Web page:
In Brief (but not so brief....)
On Thursday the newspaper announced that a new law would allow people to take paying guests in their homes. Will tourism be born again? There are cash machines in Algiers, but no one takes credit cards, and if you want a really good meal you’d better go to someone’s house. Or better yet, go to an Algerian wedding. There aren’t even any postcards on sale in the streets of Algiers. With luck, you might find leftovers from the 1960s, covered in dust.
An American social scientist who works on the economy was here in the 80s, then in the terrible 90s, now again this year. What a pleasure and relief, she said, to see people enjoying an ice cream on the street.
An Algerian cab driver jokes with his French passenger: “I plan to sue the French government for abandoning me at age eight.”
The fashion forward modern Muslim outfit: headscarf in a beautiful chiffon fabric tight blouse and full skirt. It all matches.
People like to say there was no Arab spring in Algiers because everyone was still traumatized by the violence in the 1990s. On the other hand, the “Place des martyrs”—the big gathering place at the base of the Casbah—is completely blocked off for public works (metro etc). And during the events in Tunisia, there were so many police in Algiers that the city, long known as “Alger la blanche”, white Algiers, became “Alger la bleue”—blue Algiers. Also, out of the blue, the university professors got a 200 percent raise in salary last year. Making their salaries comparable with their Tunisian and Moroccan counterparts. How to measure the chilling effect of the death of a gentle activist in Oran?
GENEVA (27 April 2011) – The United Nations Special Rapporteur on the right to freedom of opinion and expression, Frank La Rue, on Wednesday expressed deep shock and sorrow over the killing of a political activist he had met on a recent official visit to Algeria.
The expert had met Ahmed Kerroumi, professor at the University of Oran, and member of the opposition party Democratic and Social movement (Mouvement Démocratique et Social) and the Oran section of the National Coordination for Change and Democracy (Coordination nationale pour le changement et la démocratie), during his official mission to Algeria from 10 to 17 April 2011 organised at the invitation of the Government. Mr. Kerroumi was one of the civil society representatives with whom the Special Rapporteur discussed the human rights situation in the country at a meeting in Oran on 15 April. He reportedly disappeared on 19 April, and his body was found in his office on 23 April.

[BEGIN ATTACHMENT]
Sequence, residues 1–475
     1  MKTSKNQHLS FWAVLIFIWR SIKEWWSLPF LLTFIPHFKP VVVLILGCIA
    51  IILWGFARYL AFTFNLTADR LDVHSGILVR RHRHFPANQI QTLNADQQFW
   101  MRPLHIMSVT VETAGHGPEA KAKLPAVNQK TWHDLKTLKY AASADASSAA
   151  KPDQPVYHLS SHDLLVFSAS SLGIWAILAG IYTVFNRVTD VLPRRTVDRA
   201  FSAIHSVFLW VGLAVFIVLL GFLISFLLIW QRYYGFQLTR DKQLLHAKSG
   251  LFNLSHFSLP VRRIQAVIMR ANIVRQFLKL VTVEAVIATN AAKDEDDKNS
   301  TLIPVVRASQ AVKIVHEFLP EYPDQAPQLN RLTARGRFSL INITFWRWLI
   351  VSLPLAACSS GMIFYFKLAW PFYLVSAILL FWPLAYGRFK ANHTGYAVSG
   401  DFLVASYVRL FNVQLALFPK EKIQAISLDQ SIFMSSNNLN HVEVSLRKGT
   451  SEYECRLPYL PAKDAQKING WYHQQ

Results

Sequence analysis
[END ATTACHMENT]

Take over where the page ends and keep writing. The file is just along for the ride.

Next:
Thursday was the first day of a three day conference sponsored by the newspaper El Watan, the opposition paper, for the 50th anniversary of independence. A special issue of the paper, distributed at the conference, was full of rage. Headlines: “Algeria is the only country in the world where power is hidden, clandestine”; “Jacques Chevallier [the last mayor of French Algiers] thought that Algeria could become a new California”; “Rich country, poor population”; and also: “Violence, corruption, pollution, civil irresponsibility, inequality… evils eating away at the country.” From an article on everyday life: The city is filthy. There is a cancer of satellite dishes, because there are no movies to go to, no culture at night. And what happened to the Mediterranean diet? The streets are dotted with Fast Food takeout shops: sandwiches filled with omelets and French fries, bathing in harissa; pizza made of thick dough, “improbable” tomato sauce with a sprinkling of hamburger, and a few olives covered in fatty cheese, topped off by a layer of mayo. The drinks are loaded with sugar. Diabetes and obesity are on the rise.
A filmmaker at the Glycines asks: is this your first time in Algeria? You’ll be tired all the time! The city is intense, there is so much to figure out, the conversations are animated, the positions so complicated. I have that chatty confused conversational style of the newly arrived. And people who really know the city nod their heads in sympathy and tell me yes, that’s how it feels at first, that’s what it’s like. Don’t forget to drink a lot of water.
Last night, driving up the narrow San Francisco-steep streets on the way to Notre Dame d’Afrique, the ‘sacré coeur’ at the top of the city, our car stalled next to a group of Algerian men crouching on the side of the street, playing dominoes. It was about 11 pm, and they invited us to join them for tea.
Algiers: the dialectic of suffering and pleasure! This morning, with my hosts from the Glycines, I took a little boat from the port to a strip of land off the red lighthouse where there’s a “club” called the Espanon. Like a guinguette on the Marne. Swimming in that urban setting, across from the canonical view—European city on one side, casbah on the other--I remembered the scene in The Plague where the sanitary workers in Oran take a break and remind themselves of life’s pleasures amid the horror. Their moment of respite.Dreaming in French: Jacqueline Bouvier Kennedy, Susan Sontag, and Angela Davis--which is also a history of French-American relations in postwar France. Right now she's in residence at "Les Glycines: Centre d'Etudes Diocésain" in Algiers, working on a preface for the first translation of Albert Camus' 1958 Chroniques algériennes [Algerian reports]. She'll be blogging on the road this week from Algiers and from Rabat.